How do You Know When?

One of the most frequent questions any hospice worker gets asked is: “How near to death do you think [my loved one] is?”

This is, of course, a very difficult question to answer. Symptoms will vary greatly from person to person as they decline. So there is just no way of knowing for sure. Period.

But people with great experience in the hospice and palliative care arena can give some general descriptions of things to look for as as a patient approaches their final time..

Many professionals in the field feel that one of the best sources of information on nearness to death his a booklet written by Barbara Karnes, a registered nurse working in hospice care. She was asked this question so many times that she wrote a booklet. It has been continuously in print since 1985, having sold over 12 million copies.

The little blue book Barbara wrote is entitled  entitled Gone from My Sight.

Hospice agencies often distribute this booklet to families of patients nearing the end of life. That’s what the Good Samaritan Hospice at which I volunteer does. But you can order a copy on line from Amazon as well. It is inexpensive and well worth the money to get an expert answer to the question “How do you know when?”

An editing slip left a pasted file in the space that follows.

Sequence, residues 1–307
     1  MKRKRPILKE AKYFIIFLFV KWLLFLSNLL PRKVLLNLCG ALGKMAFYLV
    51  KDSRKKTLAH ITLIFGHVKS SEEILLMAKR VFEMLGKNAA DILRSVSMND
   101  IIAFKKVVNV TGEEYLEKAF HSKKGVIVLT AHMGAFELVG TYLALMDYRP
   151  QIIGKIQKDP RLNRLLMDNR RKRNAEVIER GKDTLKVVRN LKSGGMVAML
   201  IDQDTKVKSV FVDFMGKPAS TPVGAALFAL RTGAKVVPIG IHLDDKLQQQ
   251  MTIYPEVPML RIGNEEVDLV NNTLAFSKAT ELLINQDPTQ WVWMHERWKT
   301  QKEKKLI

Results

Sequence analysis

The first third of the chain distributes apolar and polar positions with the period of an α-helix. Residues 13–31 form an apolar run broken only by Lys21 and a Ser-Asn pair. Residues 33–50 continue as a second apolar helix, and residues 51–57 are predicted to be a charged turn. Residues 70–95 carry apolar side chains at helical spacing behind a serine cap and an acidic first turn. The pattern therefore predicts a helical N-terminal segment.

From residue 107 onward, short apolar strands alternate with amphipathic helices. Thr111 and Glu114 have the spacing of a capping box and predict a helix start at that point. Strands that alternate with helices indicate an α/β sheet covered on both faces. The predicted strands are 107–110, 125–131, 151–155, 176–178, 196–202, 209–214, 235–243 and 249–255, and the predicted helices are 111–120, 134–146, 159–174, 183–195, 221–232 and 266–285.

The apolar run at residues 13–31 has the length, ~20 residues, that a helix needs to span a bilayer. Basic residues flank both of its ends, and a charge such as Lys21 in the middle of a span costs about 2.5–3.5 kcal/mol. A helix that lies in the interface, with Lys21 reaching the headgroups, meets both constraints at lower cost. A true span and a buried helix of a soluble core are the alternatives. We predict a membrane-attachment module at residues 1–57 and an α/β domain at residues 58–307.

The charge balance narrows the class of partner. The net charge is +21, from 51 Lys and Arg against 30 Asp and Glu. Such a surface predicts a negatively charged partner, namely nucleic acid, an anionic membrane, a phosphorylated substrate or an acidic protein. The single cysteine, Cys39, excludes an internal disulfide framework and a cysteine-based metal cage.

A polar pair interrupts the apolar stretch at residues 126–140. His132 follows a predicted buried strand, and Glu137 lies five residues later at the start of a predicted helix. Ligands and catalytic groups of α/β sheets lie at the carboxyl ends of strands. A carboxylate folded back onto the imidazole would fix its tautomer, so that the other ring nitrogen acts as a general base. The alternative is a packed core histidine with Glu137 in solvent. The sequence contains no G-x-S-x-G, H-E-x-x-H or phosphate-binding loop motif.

By the way, the title of the book refers to this poem:

I am standing upon the seashore.
A ship at my side spreads her white sails to the morning breeze,
and starts for the blue ocean.
She is an object of beauty and strength,
and I stand and watch her until she hangs like a speck of white cloud
just where the sea and sky come down to mingle with each other.
Then someone at my side says: “There! She’s gone!”
Gone where? Gone from my sight – that is all.
She is just as large in mast and hull and spar as she was when she left my side,
and just as able to bear her load of living freight
to the place of her destination.
Her diminished size is in me, and not in her.

And just at the moment
when someone at my side says: “There! She’s gone!”
there are other eyes that are watching for her coming;
and other voices ready to take up the glad shout:
“There she comes!”

The poem was written by Rev. Luther F. Beecher–cousin of Harriet Beescher Stowe–at the turn on the twentieth century.

About Richard Haverlack

Richard Haverlack has been writing the memoirs of hospice patients for more than eight years. He has recently written a book, A Memoir of Memoirs - Writing Stories Told at Life's End, which is about the poignant and enlightening experiences he's had in doing this work. Richard is a volunteer for the Good Samaritan Hospice near Pittsburgh, Pennsylvania. He also is active in the Osher Lifelong Learning Institution at the University of Pittsburgh where he studies as well as teaches.

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